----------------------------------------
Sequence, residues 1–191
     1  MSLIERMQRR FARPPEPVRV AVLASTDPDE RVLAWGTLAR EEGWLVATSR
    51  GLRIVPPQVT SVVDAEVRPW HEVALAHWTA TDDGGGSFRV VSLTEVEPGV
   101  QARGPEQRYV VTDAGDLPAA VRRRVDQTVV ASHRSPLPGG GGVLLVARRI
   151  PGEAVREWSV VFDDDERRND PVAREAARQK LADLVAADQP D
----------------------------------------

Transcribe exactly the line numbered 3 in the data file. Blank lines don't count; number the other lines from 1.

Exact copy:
    51  GLRIVPPQVT SVVDAEVRPW HEVALAHWTA TDDGGGSFRV VSLTEVEPGV